Pan Fried Zucchini Fritters is just one of the ways I’m cooking zucchini. Gardeners are forcing it on their neighbours, Farmer’s Markets have an abundance of it and thrifty cooks are searching for clever ways to sneak it into everything. I'm not that crazy about zucchini but this is the time of year to experiment with some new zucchini recipes.
Shredding vs Grating Zucchini
For many recipes it doesn’t matter how fine or coarse your vegetables are shredded or grated. It may affect the cooking time but it’s more of a personal preference about the texture. The terms shredding and grating seem to be used interchangeably so when I'm confused (it happens!) I just think about what I want it to look like when I'm done.
- Grated Parmesan cheese should be a pile of fluffy cheese.
- Shredded cheddar cheese should be longish shreds for melting.
Applied to zucchini, especially for baking, I want to see those shreds. They can be finely or coarsely shredded but I know I don't want a pile of grated mush. Then the irony of cooking, I'll pull out the old boxed grater and use the side that will give me the coarsely shredded zucchini I'm looking for.
Get The Tools
The typical boxed grater found in many kitchens is most convenient for small jobs like finely grating cheese or shredding a single carrot. For bigger jobs like making potato latkes or these zucchini fritters I pull out the food processor. It takes a few minutes to set up and clean up, but the shredding takes only ten seconds. It’s always a toss up in my mind whether it's worth pulling out the food processor or just doing the work by hand.
You can cook almost anything with a good cutting board and a sharp knife but the more you cook the more tools you collect. These all have a place in my kitchen and once you have them all you’ll spend your time deciding which is the right tool for the job.
- A sturdy boxe grater.
- A mandoline to make perfectly sliced and julienned vegetables.
- I love my Cuisinart food processor with different disks for fine or coarse shredding. It's about thirty years old but for some jobs it works like a charm.
Cooking with a Seasonal Strategy
Of course zucchini is available all year long like most produce. Where I live the real zucchini season starts in August and goes all the way to the end of September. I see it all over the neighbourhood growing in backyards and alleys. That’s when I start to think of all the ways to use zucchini. I say challenge yourself to find or create a new favourite recipe. Then add it to your list so you remember to repeat it again next year.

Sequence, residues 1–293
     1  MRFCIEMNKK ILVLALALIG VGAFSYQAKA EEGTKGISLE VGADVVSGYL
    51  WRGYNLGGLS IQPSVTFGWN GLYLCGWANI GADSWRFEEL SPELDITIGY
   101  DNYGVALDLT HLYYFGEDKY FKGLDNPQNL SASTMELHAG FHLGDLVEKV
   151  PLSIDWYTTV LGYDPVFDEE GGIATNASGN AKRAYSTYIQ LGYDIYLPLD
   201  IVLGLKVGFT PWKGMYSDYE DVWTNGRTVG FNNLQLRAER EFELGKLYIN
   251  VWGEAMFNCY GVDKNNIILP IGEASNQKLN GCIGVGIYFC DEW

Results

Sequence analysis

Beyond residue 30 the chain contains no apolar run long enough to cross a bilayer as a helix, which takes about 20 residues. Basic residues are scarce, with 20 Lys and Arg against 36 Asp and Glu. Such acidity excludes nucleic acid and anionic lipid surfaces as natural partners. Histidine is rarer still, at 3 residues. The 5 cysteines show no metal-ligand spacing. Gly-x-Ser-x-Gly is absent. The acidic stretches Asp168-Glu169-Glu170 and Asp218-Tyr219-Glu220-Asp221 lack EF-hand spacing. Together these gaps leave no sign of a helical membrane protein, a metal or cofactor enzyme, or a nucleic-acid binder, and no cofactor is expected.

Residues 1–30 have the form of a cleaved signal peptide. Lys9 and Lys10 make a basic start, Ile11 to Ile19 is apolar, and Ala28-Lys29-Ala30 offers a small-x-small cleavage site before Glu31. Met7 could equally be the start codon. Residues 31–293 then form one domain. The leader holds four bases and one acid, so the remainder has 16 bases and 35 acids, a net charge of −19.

Here are a few ways you can cook (or get rid of) all that zucchini.
- Fold grated zucchini into quick breads or muffins.
- Toss chopped zucchini in any salad.
- Cook it in soup.
- Cut it in sticks to add to a veggie tray.
- Roast slices to make these impressive vegetable stacks.
- Dip slices into a tempura batter, pan fry and serve with a dipping sauce of soy and rice vinegar.
- Add zucchini to pizza; raw, sautéed, grilled or roasted.
- Toss zucchini into almost any pasta dish.
- Lay slices on a quiche before baking or add it to a breakfast frittata.
- Make these pan fried zucchini fritters or create your own variation of vegetable fritters. Try half potato and half zucchini or another shredded vegetable, whatever sounds good to you
Let me know in the comments below what you're making with zucchini.
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Pan Fried Zucchini Fritters
- 6 cups coarsely shredded zucchini (3 medium zucchini)
- ¼ cup chopped fresh dill (4 teaspoon dried dill)
- 3-4 green onions, finely chopped
- ½ teaspoon nutmeg (optional)
- ¾-1 cup crumbled feta cheese
- 4 eggs, lightly beaten
- 1 cup EGFG gluten free flour blend*
- ½ teaspoon salt
- ¼ teaspoon pepper
- olive oil
- Sour cream, yogurt or tadziki
- Line a baking sheet with paper towel and spread grated zucchini on the towels in a thin layer.
- Sprinkle with salt and let sit for 30-45 minutes without stirring.
- Using your hands squeeze all the moisture out of the zucchini. Transfer to large bowl.
- Add dill, green onion, nutmeg and feta cheese. Stir until combined.
- Mix in eggs then add flour, salt and pepper stirring to form thick dough.
- Heat oil in large skillet over medium high heat.
- Drop about 2 tablespoons of batter into the pan, flatten lightly for 3-4 inch fritters. Cook until golden brown, 2-3 minutes per side.
- To keep cooked fritters warm place on wire racks on a baking sheet. Keep in 200°F oven until ready to serve.
- Serve with sour cream, yogurt or tadziki